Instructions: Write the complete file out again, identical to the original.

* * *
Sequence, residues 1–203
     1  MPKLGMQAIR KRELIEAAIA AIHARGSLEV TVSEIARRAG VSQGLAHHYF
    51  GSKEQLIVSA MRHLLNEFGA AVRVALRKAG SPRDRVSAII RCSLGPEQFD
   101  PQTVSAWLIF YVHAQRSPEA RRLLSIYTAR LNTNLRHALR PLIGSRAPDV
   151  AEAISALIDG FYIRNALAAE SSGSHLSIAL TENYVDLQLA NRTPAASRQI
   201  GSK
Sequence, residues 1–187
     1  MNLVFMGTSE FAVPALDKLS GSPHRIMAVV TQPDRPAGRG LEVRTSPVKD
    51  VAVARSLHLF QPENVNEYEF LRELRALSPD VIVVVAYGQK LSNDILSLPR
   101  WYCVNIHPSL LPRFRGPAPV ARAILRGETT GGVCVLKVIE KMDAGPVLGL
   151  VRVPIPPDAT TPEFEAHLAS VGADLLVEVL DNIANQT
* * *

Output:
Sequence, residues 1–203
     1  MPKLGMQAIR KRELIEAAIA AIHARGSLEV TVSEIARRAG VSQGLAHHYF
    51  GSKEQLIVSA MRHLLNEFGA AVRVALRKAG SPRDRVSAII RCSLGPEQFD
   101  PQTVSAWLIF YVHAQRSPEA RRLLSIYTAR LNTNLRHALR PLIGSRAPDV
   151  AEAISALIDG FYIRNALAAE SSGSHLSIAL TENYVDLQLA NRTPAASRQI
   201  GSK
Sequence, residues 1–187
     1  MNLVFMGTSE FAVPALDKLS GSPHRIMAVV TQPDRPAGRG LEVRTSPVKD
    51  VAVARSLHLF QPENVNEYEF LRELRALSPD VIVVVAYGQK LSNDILSLPR
   101  WYCVNIHPSL LPRFRGPAPV ARAILRGETT GGVCVLKVIE KMDAGPVLGL
   151  VRVPIPPDAT TPEFEAHLAS VGADLLVEVL DNIANQT